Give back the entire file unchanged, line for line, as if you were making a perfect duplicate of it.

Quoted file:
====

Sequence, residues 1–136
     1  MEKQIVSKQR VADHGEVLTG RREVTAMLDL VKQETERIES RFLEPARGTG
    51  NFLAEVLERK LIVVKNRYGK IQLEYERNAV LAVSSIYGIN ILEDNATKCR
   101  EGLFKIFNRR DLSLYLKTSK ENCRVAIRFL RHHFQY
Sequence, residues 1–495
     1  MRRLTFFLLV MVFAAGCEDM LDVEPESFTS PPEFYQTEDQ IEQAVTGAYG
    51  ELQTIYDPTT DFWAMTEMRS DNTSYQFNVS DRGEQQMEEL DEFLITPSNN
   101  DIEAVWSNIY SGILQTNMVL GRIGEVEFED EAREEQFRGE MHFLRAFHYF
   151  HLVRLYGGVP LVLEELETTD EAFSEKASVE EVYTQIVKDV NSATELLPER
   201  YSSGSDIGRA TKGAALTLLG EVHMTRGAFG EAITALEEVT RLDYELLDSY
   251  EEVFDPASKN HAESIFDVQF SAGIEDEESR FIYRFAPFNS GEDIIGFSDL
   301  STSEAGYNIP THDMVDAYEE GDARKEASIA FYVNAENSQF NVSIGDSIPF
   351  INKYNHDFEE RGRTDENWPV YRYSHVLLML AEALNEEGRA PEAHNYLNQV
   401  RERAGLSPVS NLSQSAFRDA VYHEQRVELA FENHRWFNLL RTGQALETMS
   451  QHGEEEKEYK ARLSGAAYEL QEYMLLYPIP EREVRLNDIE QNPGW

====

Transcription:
Sequence, residues 1–136
     1  MEKQIVSKQR VADHGEVLTG RREVTAMLDL VKQETERIES RFLEPARGTG
    51  NFLAEVLERK LIVVKNRYGK IQLEYERNAV LAVSSIYGIN ILEDNATKCR
   101  EGLFKIFNRR DLSLYLKTSK ENCRVAIRFL RHHFQY
Sequence, residues 1–495
     1  MRRLTFFLLV MVFAAGCEDM LDVEPESFTS PPEFYQTEDQ IEQAVTGAYG
    51  ELQTIYDPTT DFWAMTEMRS DNTSYQFNVS DRGEQQMEEL DEFLITPSNN
   101  DIEAVWSNIY SGILQTNMVL GRIGEVEFED EAREEQFRGE MHFLRAFHYF
   151  HLVRLYGGVP LVLEELETTD EAFSEKASVE EVYTQIVKDV NSATELLPER
   201  YSSGSDIGRA TKGAALTLLG EVHMTRGAFG EAITALEEVT RLDYELLDSY
   251  EEVFDPASKN HAESIFDVQF SAGIEDEESR FIYRFAPFNS GEDIIGFSDL
   301  STSEAGYNIP THDMVDAYEE GDARKEASIA FYVNAENSQF NVSIGDSIPF
   351  INKYNHDFEE RGRTDENWPV YRYSHVLLML AEALNEEGRA PEAHNYLNQV
   401  RERAGLSPVS NLSQSAFRDA VYHEQRVELA FENHRWFNLL RTGQALETMS
   451  QHGEEEKEYK ARLSGAAYEL QEYMLLYPIP EREVRLNDIE QNPGW